8. by   sqky
    I see the same thing in the hospital where I work. Right now we nurses on the floor are talking between each other about it. We are seeing experienced, peer respected nurses leaving with not even an acknowledgement from administration.

    I agree also have seen those experienced, peer respected nurses passed over for positions several years earlier. The positions were given to nurses who had been out of school for only 1-2 years. The years of experience and certification in a nursing speciality ment nothing to management.

    A couple of us at work have taken it upon ourselves to get some acknowledgement for nurses who are leaving.

    We make memory boxes, hand deliver stationary to key management pesons and ask them to write something that they will always remember about the person. We include "memories" from everyone from every department. We then put all the "memories" together in the box and present it to the individual.

    Sometimes we have to track the person down after they have been released from working here. But everyone needs to remember good times and know they have been appreciated.

    We have quit talking, and took action. We did not want to be part of not acknowledging someone, we wanted to help start it.
  9. by   NightshiftQueen
    At our hospital, EVERY retiring employee is offered a retirement reception with cake and it is announced in the hospital newsletter. They have milestone dinners at 5, 10, 15, 20 years, etc and you are given a momento of some sort, and a pin for years of service and they announce the people being honored in the hospital newsletter.
    As far as people leaving for whatever reason, as a unit, we always have some sort of going away party, even if it is just cake and ice cream. Usually we go out and eat or have a pitch in.
    It isn't the a perfect place to work, we have our managment problems too and wonder sometimes if they really understand what the people in the trenches do but it isn't as bad as what some of you guys are describing!
    I've been there 26 years next month.
  10. by   jenrninmi
    Quote from sqky
    I see the same thing in the hospital where I work. Right now we nurses on the floor are talking between each other about it. We are seeing experienced, peer respected nurses leaving with not even an acknowledgement from administration.

    I agree also have seen those experienced, peer respected nurses passed over for positions several years earlier. The positions were given to nurses who had been out of school for only 1-2 years. The years of experience and certification in a nursing speciality ment nothing to management.

    A couple of us at work have taken it upon ourselves to get some acknowledgement for nurses who are leaving.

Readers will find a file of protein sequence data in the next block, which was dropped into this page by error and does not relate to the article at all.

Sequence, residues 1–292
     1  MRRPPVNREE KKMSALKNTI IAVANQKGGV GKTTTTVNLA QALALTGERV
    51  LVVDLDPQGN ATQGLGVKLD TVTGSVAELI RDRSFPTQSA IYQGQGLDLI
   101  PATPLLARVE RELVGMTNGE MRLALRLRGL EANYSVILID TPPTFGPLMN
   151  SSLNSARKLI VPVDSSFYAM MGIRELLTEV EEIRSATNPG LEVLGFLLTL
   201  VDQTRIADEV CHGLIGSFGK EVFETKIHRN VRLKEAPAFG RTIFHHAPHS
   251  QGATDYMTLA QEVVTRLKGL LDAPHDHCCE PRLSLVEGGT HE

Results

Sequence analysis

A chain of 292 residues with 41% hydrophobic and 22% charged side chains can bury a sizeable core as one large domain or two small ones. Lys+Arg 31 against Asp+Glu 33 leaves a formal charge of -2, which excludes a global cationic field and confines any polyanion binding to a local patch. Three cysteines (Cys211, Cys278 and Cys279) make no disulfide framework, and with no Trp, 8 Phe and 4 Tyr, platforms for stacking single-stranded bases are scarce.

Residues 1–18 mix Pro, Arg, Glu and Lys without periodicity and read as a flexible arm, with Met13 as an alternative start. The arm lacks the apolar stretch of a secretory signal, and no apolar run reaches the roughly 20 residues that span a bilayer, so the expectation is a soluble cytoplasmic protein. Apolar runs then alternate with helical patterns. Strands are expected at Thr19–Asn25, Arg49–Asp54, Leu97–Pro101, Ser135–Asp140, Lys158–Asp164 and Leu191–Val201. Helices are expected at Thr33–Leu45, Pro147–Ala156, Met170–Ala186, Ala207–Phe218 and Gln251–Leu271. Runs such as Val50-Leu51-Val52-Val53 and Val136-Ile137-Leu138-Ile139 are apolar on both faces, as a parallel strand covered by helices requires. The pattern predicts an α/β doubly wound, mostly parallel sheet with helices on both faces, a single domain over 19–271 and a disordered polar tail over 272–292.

We make memory boxes, hand deliver stationary to key management pesons and ask them to write something that they will always remember about the person. We include "memories" from everyone from every department. We then put all the "memories" together in the box and present it to the individual.

    Sometimes we have to track the person down after they have been released from working here. But everyone needs to remember good times and know they have been appreciated.

    We have quit talking, and took action. We did not want to be part of not acknowledging someone, we wanted to help start it.
    That sounds so nice...:spin: . I think that's a great idea!
  11. by   tntrn
    I had hand surgery in February and knew at the time it would be a full six months before I could return to work. I've worked on this unit for 15 years, and not even my nurse manager, someone I've known for 20 years and consider a close friend, called me at any time to see if I'd survived the anesthesia. To say I was hurt, is to completely deny my feelings.

    About 3 weeks after the surgery, a friend from there, who is notably lax about stuff like that, did call me and admitted she'd "been a bad friend." We met for lunch several times during my time off. Another co-worker goes to my church and so she and also connected, but not for several weeks.

    Two others called at some point but they wanted me to work for them, so their concern once I told them I wasn't back to work was insincere, IMHO.

    I am back to work now, but I work per diem, and will under no circumstances be busting my buns to make the place look so rosy and sweet. It just isn't. In fact, I opted to be called off instead of take call on my first day back (which by my contract I can do) and now I've heard from a very good source that next time I'll be threatened with floating if I don't take call. They've messed with the wrong cookie on that one too.

    I do not feel respected and agree with those who opinions are that you are just a body, filling a space. When that space is gone, they only notice it's a space, not that you were once there and they don't wonder why you're no longer there.
  12. by   ZootRN
    I left one horrible place after 4 months, and guess what - they did not even ask their badge back. No exit interview, nothing. Sometimes I wonder, maybe they think I still work there?
  13. by   gitterbug
    I think the most we can hope for is a kind remark or two from a person or two we have worked with for a long time. I do not think anyone in management cares if we stay or go, just keep the slot filled with a warm, moving body. I think all we can do is decide what memories are good for us and throw away the rest along with our other garbage.